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Stress is to mood what that iceberg was to the Titanic, with therapies increasingly geared toward neutralizing its vast destructive powers. In a 2002 NIMH study, healthy subjects with a certain short variation (allele) to the serotonin transporter gene viewed images of scary faces as their brains were being scanned. The part of the brain which governs fear and arousal - the amygdala - lit up like a Christmas tree.
A year later, a study on a New Zealand population found that those with this very same short allele were far more at risk of depression after being exposed to four or more lifetime stressful events (including employment, finances, housing, health, and relationships) than their long-allele counterparts.
Vulnerability vs Resilience
Is mental illness a "vulnerability" disease? Are the lucky ones, in effect, genetically "resilient" to what life happens to throw their way? Or does life have a way of turning even resilient brains vulnerable?
At the 2002 American Psychiatric Association's annual meeting, Charles Nemeroff MD, PhD of Emory University asked his audience: "Is the biology of depression the biology of early trauma?"
In an experiment designed to startle lab rats by blowing an air puff in their faces, Dr Nemeroff and his colleagues found those who had been separated from their mothers as pups showed a greater stress response, with tissue samples revealing higher concentrations of the hormone CRF (corticotropin-releasing factor).
Women abused in childhood, Dr Nemeroff explained, end up with a sensitized brain system, where CRF receptors are to be found in abundance. Depressed patients have high concentrations of CRF in their cerebrospinal fluid.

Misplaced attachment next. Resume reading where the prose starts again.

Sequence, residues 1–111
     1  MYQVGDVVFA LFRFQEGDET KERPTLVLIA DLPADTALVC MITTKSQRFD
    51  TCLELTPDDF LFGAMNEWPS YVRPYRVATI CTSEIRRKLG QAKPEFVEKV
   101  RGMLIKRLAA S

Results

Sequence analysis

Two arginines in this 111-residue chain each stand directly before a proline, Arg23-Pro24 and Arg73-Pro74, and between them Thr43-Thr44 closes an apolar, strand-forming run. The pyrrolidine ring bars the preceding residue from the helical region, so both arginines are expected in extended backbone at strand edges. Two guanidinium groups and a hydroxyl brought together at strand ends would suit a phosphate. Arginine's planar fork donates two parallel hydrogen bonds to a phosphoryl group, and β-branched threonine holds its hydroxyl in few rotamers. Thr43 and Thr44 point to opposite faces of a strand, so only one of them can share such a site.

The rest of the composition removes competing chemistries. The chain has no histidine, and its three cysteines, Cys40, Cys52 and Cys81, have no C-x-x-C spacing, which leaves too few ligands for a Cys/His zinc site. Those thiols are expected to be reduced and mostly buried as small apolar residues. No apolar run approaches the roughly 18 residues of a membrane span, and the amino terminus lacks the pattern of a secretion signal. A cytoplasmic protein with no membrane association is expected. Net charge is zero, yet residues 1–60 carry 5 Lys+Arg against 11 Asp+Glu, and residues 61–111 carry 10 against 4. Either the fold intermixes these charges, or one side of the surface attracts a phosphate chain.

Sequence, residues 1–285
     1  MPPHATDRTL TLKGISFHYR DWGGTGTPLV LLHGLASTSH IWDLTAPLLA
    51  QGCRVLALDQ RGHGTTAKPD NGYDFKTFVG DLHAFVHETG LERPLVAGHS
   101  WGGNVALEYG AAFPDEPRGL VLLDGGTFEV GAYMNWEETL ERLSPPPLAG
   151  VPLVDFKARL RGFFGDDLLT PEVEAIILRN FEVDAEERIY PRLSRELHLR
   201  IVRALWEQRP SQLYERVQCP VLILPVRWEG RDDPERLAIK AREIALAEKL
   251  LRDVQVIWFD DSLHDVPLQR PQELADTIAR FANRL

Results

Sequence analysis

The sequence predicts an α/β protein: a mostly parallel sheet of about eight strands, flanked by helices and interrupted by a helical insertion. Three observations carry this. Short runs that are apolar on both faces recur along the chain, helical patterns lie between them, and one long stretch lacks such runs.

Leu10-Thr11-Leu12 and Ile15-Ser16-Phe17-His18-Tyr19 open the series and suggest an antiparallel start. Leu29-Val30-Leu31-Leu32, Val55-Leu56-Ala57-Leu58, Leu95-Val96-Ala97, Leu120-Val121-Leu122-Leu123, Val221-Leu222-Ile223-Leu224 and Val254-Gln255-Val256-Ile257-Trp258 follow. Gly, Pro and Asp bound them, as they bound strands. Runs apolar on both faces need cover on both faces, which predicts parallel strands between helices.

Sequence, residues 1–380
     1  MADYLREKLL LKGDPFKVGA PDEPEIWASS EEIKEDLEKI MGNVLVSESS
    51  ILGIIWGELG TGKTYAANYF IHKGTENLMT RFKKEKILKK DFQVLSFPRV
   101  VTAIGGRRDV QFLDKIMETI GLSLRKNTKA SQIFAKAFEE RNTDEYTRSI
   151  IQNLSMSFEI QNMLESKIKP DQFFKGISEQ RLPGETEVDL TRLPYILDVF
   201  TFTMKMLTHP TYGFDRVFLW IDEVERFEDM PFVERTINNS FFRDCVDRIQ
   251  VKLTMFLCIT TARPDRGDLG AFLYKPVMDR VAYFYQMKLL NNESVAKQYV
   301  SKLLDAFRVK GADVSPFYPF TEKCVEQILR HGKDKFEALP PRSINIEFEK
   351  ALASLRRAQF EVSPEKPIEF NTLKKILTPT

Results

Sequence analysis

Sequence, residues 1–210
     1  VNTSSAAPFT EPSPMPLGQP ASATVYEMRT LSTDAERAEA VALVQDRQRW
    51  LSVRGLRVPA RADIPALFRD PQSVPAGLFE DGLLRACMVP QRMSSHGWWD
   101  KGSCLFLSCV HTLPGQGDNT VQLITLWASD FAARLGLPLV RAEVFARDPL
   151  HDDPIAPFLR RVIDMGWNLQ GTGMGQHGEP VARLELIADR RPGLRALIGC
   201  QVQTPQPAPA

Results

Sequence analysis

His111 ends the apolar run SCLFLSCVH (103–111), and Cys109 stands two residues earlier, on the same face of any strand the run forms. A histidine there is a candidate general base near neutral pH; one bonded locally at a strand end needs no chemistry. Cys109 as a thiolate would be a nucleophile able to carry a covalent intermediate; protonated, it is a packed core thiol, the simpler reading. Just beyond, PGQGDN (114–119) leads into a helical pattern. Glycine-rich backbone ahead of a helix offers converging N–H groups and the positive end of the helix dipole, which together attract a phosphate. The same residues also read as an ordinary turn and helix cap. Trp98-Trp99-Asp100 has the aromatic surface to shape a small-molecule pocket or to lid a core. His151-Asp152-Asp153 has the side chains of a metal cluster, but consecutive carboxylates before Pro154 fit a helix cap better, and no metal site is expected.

A 2000 study that he co-authored with Christine Hein PhD found that women with a history of childhood abuse exhibited increased pituitary and autonomic responses to stress when given math tests and made to speak in public compared with the controls. This was especially true for the women with current depression and anxiety.
The stress response - fight or flight - kept our distant ancestors alert and alive long enough to pass on their genes, which certainly comes in handy in modern life, especially when a zeppelin is chasing you.
As Kurt Vonnegut describes it in his 1973 novel, "Breakfast of Champions":
My mind sent a message to my hypothalamus, told it to release the hormone CRF into the short vessels connecting my hypothalamus and my pituitary gland.
The CRF inspired my pituitary gland to dump the hormone ACTH into my bloodstream. My body had been making and storing ACTH for such an occasion. And nearer and nearer the zeppelin came.
And some of the ACTH in my bloodstream reached the outer shell of my adrenal gland, which had been making and storing glucocorticoids for such emergencies.
My adrenal gland added the glucocorticoids to my bloodstream. They went all over my body, changing glycogen into glucose. Glucose was a muscle food. It would help me fight like a wildcat or run like a deer.
And nearer and nearer the zeppelin came.
My adrenal gland gave me a shot of adrenaline, too. I turned purple as my blood pressure skyrocketed. The adrenaline made my heart go like a burglar alarm. It also stood my hair on end. It also caused coagulants to pour into my bloodstream, so, in case I was wounded, my vital juices wouldn't drain away.